My day jobs are many. I’m the managing principal for N.W. Moore & Associates, a consulting firm serving nonprofit organizations, primarily in the arts. Clients include many museums and we focus on management challenges and organizational development matters such as strategic planning, board development and program evaluation. I’m also a managing partner of the Conservation Consulting Group, a firm that tackles similar issues with land trusts and other environmental organizations. I’m an expedition leader (guide) for Natural Habitat Adventures, leading small group travel around the world. I also teach kayaking and have just been elected alder (City Council member) for the City of Monona.
My most memorable caffeine is in Portugal, just before I lead an expedition. There are two Portuguese men who work with me—I call them “my brothers from a different mother”—and we all arrive a day before our guests to get things set up. It’s a ritual upon arrival to immediately order an espresso, which they call “bullets.” We look at each other and declare, “Time for a bullet.”
My current caffeine of choice is a regular coffee with cream or a skim latte.
My favorite place for caffeine is Java Cat on Monona Drive. They’re a community- and neighborhood-oriented shop, which I greatly appreciate. They’re also a big favorite of neighborhood dogs: the staff routinely hand out dog treats at the drive-up and I know people who only order their coffee through the drive-up just to get the treat.
The person I’d love to share a cup of caffeine with is Michelle Obama. I had the opportunity to meet her professionally a time or two (N.W. Moore & Associates started in Chicago) when she was the Director of AmeriCorps, before she became the First Lady. I respect her greatly and would love to sit down and have a cup of coffee with her.
I’d also enjoy the chance to meet Alicia Keys. I love live music and I’m a big admirer of her as a musician. Plus, the more I learn about her as a person, the more I’m impressed by how grounded and soulful she is.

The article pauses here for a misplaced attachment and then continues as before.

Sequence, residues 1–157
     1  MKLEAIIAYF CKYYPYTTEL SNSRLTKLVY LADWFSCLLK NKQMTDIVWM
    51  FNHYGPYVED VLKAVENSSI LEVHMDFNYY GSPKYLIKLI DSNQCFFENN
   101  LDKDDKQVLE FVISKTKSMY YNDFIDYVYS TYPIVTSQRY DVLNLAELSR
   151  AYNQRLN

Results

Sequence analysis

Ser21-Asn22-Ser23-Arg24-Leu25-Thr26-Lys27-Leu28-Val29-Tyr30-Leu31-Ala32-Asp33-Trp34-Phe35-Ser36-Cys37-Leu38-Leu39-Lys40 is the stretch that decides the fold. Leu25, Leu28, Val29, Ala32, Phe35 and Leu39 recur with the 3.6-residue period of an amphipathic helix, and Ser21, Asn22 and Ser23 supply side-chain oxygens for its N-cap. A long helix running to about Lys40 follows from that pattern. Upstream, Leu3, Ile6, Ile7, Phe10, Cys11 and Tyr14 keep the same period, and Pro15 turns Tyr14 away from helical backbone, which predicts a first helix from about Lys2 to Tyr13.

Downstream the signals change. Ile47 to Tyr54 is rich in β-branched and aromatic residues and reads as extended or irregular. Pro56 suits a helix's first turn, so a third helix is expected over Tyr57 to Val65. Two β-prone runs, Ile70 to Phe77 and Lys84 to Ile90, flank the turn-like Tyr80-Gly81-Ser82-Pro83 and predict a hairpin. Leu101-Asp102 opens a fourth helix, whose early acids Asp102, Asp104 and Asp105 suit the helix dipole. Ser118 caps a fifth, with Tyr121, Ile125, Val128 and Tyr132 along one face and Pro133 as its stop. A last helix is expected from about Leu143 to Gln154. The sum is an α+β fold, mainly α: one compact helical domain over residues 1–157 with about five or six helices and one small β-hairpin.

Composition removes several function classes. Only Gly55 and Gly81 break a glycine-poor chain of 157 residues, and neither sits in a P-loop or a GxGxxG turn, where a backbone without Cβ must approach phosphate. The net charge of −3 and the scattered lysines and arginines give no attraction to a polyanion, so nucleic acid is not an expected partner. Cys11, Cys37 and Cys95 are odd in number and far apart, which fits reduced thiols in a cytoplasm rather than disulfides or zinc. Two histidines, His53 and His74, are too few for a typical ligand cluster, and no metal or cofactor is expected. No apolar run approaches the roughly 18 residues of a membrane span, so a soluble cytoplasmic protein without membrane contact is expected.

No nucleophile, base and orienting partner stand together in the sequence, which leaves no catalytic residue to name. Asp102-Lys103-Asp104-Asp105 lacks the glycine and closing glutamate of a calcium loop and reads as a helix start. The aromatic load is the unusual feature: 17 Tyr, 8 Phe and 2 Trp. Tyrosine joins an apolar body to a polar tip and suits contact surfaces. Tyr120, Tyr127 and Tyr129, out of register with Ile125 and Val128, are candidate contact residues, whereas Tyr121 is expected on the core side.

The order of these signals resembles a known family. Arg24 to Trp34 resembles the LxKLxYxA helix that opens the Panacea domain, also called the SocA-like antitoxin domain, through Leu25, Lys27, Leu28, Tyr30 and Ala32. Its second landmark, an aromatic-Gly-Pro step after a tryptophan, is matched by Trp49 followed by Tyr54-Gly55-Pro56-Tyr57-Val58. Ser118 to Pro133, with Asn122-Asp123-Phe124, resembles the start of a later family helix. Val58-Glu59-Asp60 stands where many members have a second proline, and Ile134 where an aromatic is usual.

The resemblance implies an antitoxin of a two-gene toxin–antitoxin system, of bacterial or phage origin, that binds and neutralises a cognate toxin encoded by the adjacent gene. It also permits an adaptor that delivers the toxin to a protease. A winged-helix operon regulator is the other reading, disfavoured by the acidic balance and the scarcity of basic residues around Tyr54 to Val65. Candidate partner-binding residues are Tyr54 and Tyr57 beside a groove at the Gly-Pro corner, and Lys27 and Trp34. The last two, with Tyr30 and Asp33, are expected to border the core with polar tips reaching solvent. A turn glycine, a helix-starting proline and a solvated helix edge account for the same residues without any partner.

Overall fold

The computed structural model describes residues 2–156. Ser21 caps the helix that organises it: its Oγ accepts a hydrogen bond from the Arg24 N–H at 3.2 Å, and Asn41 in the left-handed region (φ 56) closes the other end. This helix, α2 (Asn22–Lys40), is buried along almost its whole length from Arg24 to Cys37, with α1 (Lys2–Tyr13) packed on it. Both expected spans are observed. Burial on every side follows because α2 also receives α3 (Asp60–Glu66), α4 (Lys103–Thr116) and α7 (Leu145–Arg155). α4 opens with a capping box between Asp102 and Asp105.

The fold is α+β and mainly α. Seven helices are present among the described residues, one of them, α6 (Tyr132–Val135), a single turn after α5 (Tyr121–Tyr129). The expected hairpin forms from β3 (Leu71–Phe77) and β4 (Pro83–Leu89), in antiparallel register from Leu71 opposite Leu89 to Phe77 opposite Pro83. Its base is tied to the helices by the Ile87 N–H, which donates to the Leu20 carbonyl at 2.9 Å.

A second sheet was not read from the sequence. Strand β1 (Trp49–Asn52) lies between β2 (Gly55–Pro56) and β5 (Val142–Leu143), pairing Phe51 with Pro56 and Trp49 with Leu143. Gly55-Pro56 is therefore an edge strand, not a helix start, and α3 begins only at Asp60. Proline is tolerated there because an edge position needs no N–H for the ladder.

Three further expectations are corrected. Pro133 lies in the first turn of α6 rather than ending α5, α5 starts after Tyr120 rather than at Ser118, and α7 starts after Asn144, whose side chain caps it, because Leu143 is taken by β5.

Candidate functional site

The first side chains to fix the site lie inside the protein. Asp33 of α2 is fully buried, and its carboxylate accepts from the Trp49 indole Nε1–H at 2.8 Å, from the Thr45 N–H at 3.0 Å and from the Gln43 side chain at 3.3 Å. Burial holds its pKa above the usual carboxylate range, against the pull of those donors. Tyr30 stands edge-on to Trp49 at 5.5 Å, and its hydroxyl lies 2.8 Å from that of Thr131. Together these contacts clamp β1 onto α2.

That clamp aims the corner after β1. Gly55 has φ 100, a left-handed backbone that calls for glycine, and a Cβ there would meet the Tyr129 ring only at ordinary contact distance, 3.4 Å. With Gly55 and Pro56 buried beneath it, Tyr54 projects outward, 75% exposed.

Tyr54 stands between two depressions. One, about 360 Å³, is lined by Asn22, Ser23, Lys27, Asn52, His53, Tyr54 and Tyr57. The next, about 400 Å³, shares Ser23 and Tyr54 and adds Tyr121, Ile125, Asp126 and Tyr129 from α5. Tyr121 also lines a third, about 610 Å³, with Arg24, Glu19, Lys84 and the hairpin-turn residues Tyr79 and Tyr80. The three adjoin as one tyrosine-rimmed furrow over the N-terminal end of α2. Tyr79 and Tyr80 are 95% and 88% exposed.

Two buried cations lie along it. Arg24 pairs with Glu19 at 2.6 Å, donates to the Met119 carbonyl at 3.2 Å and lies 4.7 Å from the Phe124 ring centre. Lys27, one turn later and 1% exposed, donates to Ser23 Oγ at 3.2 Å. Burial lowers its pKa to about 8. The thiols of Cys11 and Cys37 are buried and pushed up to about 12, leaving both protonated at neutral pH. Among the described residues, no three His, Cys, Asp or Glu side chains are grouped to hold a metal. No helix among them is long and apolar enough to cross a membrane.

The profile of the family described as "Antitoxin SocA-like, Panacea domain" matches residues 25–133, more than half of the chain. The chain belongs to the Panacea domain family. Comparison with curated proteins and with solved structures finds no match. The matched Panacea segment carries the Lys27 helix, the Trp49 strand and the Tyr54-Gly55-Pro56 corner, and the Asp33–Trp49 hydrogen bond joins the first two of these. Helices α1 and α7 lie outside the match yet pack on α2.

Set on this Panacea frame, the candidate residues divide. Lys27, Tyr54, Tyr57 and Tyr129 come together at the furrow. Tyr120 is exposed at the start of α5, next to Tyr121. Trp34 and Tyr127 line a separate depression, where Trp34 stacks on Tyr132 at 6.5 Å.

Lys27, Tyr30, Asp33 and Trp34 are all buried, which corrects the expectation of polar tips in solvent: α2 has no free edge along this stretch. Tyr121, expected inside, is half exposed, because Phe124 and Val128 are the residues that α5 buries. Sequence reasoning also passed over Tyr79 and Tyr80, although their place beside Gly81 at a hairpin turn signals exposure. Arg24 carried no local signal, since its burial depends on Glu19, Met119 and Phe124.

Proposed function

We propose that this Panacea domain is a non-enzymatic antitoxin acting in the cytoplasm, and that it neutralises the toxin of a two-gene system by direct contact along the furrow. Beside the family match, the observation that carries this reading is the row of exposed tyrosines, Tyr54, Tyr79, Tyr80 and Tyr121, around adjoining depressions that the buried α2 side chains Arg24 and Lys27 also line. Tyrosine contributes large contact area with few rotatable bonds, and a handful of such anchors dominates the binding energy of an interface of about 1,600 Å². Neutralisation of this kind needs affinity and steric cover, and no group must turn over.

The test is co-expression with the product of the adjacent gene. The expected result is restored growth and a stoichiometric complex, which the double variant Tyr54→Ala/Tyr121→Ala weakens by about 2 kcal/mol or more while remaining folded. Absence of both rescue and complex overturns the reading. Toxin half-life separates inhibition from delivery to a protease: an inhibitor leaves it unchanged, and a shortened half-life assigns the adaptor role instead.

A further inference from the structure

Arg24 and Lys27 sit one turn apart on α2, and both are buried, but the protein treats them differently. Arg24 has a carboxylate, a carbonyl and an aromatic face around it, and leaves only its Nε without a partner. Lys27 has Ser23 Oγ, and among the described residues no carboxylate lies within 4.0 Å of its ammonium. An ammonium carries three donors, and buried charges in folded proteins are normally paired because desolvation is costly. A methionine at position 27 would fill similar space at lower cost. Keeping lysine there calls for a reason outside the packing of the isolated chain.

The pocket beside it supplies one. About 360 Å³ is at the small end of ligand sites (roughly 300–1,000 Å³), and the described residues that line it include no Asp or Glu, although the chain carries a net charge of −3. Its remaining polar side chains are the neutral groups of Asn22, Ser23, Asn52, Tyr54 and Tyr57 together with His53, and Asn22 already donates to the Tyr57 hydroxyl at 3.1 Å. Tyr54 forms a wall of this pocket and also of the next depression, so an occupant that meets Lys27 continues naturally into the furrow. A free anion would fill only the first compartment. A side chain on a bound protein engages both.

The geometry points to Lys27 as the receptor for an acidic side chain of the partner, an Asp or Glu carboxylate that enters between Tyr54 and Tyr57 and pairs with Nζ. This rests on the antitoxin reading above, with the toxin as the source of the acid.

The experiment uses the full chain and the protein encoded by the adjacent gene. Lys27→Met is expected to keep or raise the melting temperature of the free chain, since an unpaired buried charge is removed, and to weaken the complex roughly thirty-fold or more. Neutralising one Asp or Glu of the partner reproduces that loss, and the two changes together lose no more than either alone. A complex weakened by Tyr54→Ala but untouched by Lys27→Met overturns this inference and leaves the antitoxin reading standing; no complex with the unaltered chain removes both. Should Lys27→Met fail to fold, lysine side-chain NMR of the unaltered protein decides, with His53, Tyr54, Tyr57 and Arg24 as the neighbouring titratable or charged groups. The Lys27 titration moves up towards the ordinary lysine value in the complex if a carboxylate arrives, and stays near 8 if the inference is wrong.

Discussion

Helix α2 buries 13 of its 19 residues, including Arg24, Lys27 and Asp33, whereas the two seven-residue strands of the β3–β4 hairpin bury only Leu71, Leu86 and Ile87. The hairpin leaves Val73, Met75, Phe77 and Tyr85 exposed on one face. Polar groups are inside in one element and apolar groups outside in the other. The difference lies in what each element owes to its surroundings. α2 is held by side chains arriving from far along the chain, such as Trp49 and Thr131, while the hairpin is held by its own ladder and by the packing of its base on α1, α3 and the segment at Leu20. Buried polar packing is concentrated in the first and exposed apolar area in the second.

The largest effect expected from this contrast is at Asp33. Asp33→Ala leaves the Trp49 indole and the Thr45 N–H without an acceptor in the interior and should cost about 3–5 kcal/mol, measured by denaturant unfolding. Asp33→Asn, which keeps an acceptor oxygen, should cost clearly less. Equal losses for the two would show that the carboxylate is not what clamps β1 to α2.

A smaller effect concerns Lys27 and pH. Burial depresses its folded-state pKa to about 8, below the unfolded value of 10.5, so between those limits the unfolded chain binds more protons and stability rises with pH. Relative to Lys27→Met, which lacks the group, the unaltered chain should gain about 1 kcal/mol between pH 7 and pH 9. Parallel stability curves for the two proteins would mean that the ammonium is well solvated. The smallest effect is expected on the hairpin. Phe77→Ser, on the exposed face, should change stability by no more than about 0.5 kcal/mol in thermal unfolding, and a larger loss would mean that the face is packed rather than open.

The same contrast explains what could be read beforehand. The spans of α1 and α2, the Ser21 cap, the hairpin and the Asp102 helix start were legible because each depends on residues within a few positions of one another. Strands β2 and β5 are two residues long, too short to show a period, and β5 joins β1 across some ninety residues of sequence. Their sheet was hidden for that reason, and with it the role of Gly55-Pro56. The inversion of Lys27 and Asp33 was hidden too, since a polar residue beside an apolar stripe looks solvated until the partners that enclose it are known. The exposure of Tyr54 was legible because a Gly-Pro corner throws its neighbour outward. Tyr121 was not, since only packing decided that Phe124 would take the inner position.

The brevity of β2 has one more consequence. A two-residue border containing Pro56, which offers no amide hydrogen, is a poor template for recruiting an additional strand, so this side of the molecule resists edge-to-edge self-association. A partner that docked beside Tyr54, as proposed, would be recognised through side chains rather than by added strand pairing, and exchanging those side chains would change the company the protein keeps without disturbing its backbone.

World problem that could be solved with the right amount of caffeine: Although I feel very strongly about the importance of addressing climate change, the top problem I’d like to solve is voting rights.
I’m discouraged by gerrymandering, voter suppression via voter ID laws and the influence big money has had on politics. At the bottom of many of these problems is the fact that every state has different systems and laws, many states now discouraging voting. And we’re also dealing with the tendency for the party that’s currently in control, whether Democratic or Republican, to only push through their agenda. There used to be compromise before big money got involved.
I’m encouraged by what I’m seeing in Oregon, a state that’s run by four women. For example, they have automatic voter registration. If you have any reason to cross paths with the state government—to pay your taxes, get a driver’s license, etc.—you’re automatically registered to vote. That makes a lot of sense to me and I’d like to see that implemented elsewhere.